Professor Gideon Hirschfield, Dr. Joshua Korzenik and Dr. Jerome Schofferman
PSC/IBD COVID19 webinar
A webinar ran on 19 March 2020 by PSC Partners Seeking and Cure in Canada with experts Professor Hirschfield, Dr. Joshua Korzenik and Dr. Jerome Schofferman talking about COVID-19.
They covered PSC, IBD and psychological issues in relation to COVID-19. Check it out!
Thank you to PSC Partners for running this excellent webinar for patients!
Basic notes from the webinar
(These notes are meant to support viewing of the video. Please don't change anything about your own medical regime without first checking with your own doctor)
Gideon Hirschfield (GH)
- COVID19 is a new virus that is readily spread, and part of a family of viruses that cause colds and pneumonias.
- We don’t have any immunity to it but there will be a vaccine. This could take 12-18 months.
- The majority of those exposed to COVID19 will get some kind of illness because it is the first time our immune system has interacted with the virus.
- Even if ⅔ of the world gets the virus, the majority will be completely fine, with no significant consequences. However, some people, e.g. those who are old (>65/70) can be particularly prone because of other illnesses (e.g. heart disease, smoking etc) and they may be more susceptible to secondary inflammation and infections.
- Doctors know how to look after these patients, as they do it every year with flu etc but the challenge is that there are only so many patients doctors can look after every day.
- We need to follow social distancing and hygiene guidance. A better term is physical distancing - we don’t need to be socially isolated.
- This will slow the spread, and slow the numbers coming into hospital at any one time.
- GH does not think you are more likely to get the virus if you have PSC
- GH thinks you should do social distancing and hygiene seriously.
- Do not stop taking your meds. This may make you sick. Now is the time to stay away from doctors, and A&E (unless you are breathless). Better to do everything by phone. Do not put yourself at risk because you go to hospital unnecessarily.
- GH says contact your specialist if you do get a fever
If you are on a clinical trial
- Pharmaceutical companies are doing everything they can to convert the planned study visits into virtual visits. May deliver meds by taxi, do blood draws from home etc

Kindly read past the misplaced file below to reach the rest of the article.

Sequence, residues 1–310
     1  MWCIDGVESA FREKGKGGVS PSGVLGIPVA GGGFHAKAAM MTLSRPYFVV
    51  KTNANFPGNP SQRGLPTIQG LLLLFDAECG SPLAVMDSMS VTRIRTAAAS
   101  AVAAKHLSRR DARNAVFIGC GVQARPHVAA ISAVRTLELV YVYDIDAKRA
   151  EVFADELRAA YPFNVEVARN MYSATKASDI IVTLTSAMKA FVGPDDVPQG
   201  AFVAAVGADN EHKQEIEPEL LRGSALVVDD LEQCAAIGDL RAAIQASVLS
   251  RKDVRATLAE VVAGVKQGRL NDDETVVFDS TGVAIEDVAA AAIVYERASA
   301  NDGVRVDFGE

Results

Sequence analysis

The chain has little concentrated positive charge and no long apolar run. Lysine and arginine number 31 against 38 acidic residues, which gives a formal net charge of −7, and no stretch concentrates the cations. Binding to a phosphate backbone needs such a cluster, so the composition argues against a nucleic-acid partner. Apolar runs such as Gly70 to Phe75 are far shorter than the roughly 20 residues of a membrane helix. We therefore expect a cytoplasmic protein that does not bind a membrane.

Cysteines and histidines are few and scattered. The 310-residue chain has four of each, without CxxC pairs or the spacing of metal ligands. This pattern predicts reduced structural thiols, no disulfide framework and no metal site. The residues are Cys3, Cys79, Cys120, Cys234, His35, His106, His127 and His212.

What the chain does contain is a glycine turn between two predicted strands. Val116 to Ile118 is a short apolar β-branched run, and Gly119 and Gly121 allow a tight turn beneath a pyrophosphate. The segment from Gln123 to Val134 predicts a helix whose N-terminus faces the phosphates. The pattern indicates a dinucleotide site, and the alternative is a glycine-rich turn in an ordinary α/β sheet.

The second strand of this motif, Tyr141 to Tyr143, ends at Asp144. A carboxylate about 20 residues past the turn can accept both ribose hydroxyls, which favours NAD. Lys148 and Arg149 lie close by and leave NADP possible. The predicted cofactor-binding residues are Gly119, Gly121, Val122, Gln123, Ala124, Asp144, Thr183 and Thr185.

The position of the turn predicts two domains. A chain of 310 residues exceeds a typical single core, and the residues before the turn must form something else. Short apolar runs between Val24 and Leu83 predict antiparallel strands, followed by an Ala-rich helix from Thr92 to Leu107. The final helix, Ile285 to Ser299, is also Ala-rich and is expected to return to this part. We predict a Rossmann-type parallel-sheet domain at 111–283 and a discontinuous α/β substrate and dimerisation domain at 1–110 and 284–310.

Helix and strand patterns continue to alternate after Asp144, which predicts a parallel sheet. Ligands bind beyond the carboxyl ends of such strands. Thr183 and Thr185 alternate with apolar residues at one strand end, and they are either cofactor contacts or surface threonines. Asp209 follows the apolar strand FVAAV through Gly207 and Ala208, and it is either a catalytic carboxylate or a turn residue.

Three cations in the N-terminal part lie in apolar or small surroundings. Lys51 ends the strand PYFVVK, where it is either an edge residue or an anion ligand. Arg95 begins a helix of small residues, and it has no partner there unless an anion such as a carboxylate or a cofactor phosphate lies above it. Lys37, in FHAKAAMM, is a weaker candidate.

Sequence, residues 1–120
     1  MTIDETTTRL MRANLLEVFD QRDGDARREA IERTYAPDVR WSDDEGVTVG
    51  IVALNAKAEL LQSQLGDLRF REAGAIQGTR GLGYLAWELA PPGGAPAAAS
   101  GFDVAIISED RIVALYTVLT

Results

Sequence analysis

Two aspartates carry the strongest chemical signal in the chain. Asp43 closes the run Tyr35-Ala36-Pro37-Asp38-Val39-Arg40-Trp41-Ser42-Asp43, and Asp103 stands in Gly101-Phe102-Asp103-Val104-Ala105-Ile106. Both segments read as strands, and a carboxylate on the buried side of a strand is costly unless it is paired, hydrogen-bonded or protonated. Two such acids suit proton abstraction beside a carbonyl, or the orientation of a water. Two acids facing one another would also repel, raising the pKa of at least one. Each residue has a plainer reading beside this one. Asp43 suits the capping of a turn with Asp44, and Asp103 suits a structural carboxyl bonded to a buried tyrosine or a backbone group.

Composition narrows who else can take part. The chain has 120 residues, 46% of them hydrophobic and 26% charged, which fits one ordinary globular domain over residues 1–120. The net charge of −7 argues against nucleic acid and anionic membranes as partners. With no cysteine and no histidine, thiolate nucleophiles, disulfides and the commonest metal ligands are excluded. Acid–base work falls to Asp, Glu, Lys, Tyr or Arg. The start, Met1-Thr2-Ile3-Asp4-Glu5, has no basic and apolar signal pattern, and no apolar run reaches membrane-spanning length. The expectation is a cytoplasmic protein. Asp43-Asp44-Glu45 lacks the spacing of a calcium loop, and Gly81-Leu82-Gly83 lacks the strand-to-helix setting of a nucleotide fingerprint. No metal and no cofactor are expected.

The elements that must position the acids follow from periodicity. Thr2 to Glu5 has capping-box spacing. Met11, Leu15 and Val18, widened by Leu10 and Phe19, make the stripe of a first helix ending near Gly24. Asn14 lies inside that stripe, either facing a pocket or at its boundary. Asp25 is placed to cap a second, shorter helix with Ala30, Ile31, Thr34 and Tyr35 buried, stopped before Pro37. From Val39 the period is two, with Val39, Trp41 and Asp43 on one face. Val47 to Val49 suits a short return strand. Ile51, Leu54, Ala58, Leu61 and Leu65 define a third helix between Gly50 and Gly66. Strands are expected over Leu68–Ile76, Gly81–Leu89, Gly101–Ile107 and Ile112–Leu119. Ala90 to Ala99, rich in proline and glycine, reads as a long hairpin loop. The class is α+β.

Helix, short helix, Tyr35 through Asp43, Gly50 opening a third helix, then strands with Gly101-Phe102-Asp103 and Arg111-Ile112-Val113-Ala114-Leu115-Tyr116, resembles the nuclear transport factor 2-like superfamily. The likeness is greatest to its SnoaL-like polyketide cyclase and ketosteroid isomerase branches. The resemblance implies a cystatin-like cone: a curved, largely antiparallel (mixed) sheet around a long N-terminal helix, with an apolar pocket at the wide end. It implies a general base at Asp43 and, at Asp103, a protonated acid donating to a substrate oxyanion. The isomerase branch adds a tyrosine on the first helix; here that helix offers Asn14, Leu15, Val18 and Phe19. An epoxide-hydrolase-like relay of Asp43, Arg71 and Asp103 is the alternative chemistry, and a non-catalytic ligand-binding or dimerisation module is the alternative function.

- Trials may not recruit new patients for now but those on study drugs should not worry as they will continue to be looked after.
- There may be short term disruption while the plans get into place.
- Do not make changes to your treatment and be in touch with your research study team to get the latest advice.
Dr. Joshua Korzenik
- JK says as many as 45% of people who have coronavirus get diarrhoea
- **If you have IBD, do not make any adjustments to your medication regime**
- JK says IBD itself does not increase the risk of developing coronavirus but the medications might, but stopping those meds might result in a flare, which then increases your risk of coronavirus because you have to go to hospital. Remember, we need to try to stay out of hospital.
- Mesalazine meds are not immunosuppressants and JK is not worried about those at all.
- Some IBD drugs are immunosuppressants (22mins) (eg anti-TNF agents such as Humira, remicade, adalimumab, infliximab). JK says they don’t know much about how they interact with coronavirus, and they are not recommending that anyone changes or alters their dose.
- Some people are on azathioprine, mercaptopurine, tofacitinib. These drugs impair the body’s ability to handle viruses. JK is not recommending that anyone stops taking these. In a very select group of people (the very very stable), JK is reducing the dose temporarily.
- Steroids (eg Prednisolone): wants to limit their use where possible. Not everyone can though and these people should take extra precautions to avoid getting the virus.
- Routine appointments and tests - many colonoscopies and blood tests are being deferred for the time being, to keep people away from hospitals.
Dr. Jerome Schofferman
- Important to only look at respected sources of information. - Be careful of ‘fake’ or ‘polarised’ news.
- If you think you are doing enough, you are probably not doing enough. If you think you are doing too much, you are probably doing the right amount.
- Four types of people and their responses:
- People who are in denial - not social distancing at all
- People who are data driven - understand the threat intellectually and take it seriously
- People who are the feeling type - have an emotional response
- People with severe anxiety - they are paralysed with fear or go into overdrive and do everything they possibly can (hypervigilant)
- People who are social isolation need to find new ways to socialise [eg PSC Support's Daily Drop Ins!]
- People need to do exercise. OK to go for a walk but keep your distance.
- Start a schedule to plan your day.
- Do things you’ve been putting off
- Do meditation or something faith based to help anxiety
- Do things for yourself eg hand washing
- Don’t look at the news all day
- Know this there an end to this